City Council sets April 10 public hearing for Southfork TIF
03/05/2012 5:00 AM
08/05/2014 11:09 PM
Jay Maxwell’s plan to develop a blighted area near the intersection of I-135 and 47th Street South is alive again after the Wichita City Council voted Tuesday to set an April 10 public hearing on project revisions.
The council voted 6-1, with Michael O’Donnell opposed, to move ahead with the second establishment of the Southfork Redevelopment District, to create tax-increment financing for a 72-acre mixed-use development in a blighted part of south Wichita. Maxwell plans retail, hotel, restaurants and office space on the initial 50 acres, along with a medical complex on the 22 acres west of the Riverside Drainage Canal.
The new redevelopment plan will raise all of the land in the district out of the 100-year floodplain and will cap available tax-increment funding at $16.5 million. That had been a subject of debate between the council and the Sedgwick County Commission..
Tax-increment financing, or TIF, captures future taxes in a district to subsidize current improvements. Costs covered by such financing in a redevelopment district include site preparation, land acquisition and infrastructure.
The district, approved in December by the city, was withdrawn Feb. 7 when the Sedgwick County Commission raised concerns about the land’s vulnerability to flooding and the lack of any cap on the amount of TIF money available to the project. Under state law governing TIF districts, the county commission and the Wichita school board hold veto power over the project if significant harm would be done to either.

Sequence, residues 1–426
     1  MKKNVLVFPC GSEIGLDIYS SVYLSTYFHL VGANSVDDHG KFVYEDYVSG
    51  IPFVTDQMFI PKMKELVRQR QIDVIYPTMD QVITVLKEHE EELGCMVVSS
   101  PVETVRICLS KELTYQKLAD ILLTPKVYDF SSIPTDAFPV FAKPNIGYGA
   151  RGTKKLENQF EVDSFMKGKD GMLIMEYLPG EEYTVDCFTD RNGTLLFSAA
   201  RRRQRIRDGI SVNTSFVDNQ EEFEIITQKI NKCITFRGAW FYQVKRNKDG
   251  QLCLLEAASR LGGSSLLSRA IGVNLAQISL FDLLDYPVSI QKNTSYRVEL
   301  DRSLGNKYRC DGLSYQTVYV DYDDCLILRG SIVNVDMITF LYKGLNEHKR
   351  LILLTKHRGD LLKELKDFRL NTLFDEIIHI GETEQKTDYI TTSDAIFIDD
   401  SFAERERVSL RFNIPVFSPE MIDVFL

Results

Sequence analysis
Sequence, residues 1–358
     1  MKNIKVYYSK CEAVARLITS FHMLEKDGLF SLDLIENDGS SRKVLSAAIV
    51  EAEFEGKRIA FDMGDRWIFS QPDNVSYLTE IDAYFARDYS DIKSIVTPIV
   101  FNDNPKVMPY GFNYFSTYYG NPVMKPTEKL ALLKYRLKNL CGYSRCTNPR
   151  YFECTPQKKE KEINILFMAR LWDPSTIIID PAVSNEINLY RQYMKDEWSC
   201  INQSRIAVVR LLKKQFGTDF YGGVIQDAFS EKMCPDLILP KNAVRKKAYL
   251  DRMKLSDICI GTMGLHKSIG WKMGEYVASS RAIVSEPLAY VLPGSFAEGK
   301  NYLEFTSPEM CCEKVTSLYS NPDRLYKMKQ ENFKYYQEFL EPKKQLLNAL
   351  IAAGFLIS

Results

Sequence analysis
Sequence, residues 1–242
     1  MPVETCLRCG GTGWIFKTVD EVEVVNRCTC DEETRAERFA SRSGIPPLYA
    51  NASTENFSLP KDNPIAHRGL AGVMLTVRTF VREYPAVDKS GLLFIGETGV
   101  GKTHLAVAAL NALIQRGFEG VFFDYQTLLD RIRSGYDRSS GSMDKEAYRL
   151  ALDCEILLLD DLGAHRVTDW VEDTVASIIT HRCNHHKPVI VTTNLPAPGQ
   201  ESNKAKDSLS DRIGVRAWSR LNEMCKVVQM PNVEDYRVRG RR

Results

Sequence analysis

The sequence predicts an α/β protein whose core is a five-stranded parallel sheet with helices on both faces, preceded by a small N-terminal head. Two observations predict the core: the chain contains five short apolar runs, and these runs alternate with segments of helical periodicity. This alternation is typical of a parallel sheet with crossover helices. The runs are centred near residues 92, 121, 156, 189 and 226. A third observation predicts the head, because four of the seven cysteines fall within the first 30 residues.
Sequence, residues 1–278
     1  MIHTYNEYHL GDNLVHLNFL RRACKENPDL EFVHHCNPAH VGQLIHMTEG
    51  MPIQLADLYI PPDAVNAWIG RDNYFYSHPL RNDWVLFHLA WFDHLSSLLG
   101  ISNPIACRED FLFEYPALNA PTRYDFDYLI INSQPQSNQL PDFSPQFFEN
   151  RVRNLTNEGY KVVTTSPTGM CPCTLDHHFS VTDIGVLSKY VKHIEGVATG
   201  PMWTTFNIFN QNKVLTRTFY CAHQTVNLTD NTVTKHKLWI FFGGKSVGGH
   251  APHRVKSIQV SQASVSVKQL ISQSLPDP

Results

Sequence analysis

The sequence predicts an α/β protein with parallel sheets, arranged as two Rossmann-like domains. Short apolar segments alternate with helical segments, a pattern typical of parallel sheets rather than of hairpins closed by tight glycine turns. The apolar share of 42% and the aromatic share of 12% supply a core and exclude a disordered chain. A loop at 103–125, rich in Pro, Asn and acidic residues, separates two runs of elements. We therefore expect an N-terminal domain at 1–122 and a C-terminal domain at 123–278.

The city-county disagreement led O’Donnell to criticize the project.
“I don’t think the community down there wants more government involvement,” O’Donnell said.
But council member James Clendenin disagreed.
“The passion there is for this project down in south Wichita,” he said. “People want this to happen in south Wichita and they like seeing the city’s investment.”
O’Donnell demanded that city staff tell him if the land elevation changes and the TIF cap would ensure approval from the county.
City Manager Bob Layton and Allen Bell, the city’s urban development director, made no predictions about the county’s reaction to the revisions.
But Bell said he believes the changes address the county’s concerns.
“I had recommended and stood behind our proposal,” he told the council. “I do believe that raising this property out of the floodplain is in the best interests of the project and the city as a whole.”
Bell said that the county commission’s request for a cap on the TIF revenues was premature.
“I am not as favorably disposed toward the capping,” he said. “That is an issue that the council is responsible for and will do as it passes the project plan. However, this is a viable and acceptable compromise.”
Council members and staff made no mention Tuesday of another significant discrepancy in the project’s financials that county commissioners discussed in December: The Eagle reported in December that the city estimates the project will net almost $2.1 million over 10 years without tax increment financing. With TIF, it would net about $8.4 million. However, developers estimate a net loss of $6.8 million without a TIF district and a net loss of $600,000 without the financing.
Maxwell also is the lead developer of the proposed Bowllagio entertainment complex at Maize Road and Kellogg, another project that originally sought $13 million in state sales tax and revenue, or STAR, bonds and a $75 million sales tax hike through a community improvement district to finance. The project has remained out of the news for about a year since dirt work began on the site, but developers say Bowllagio is not dead.
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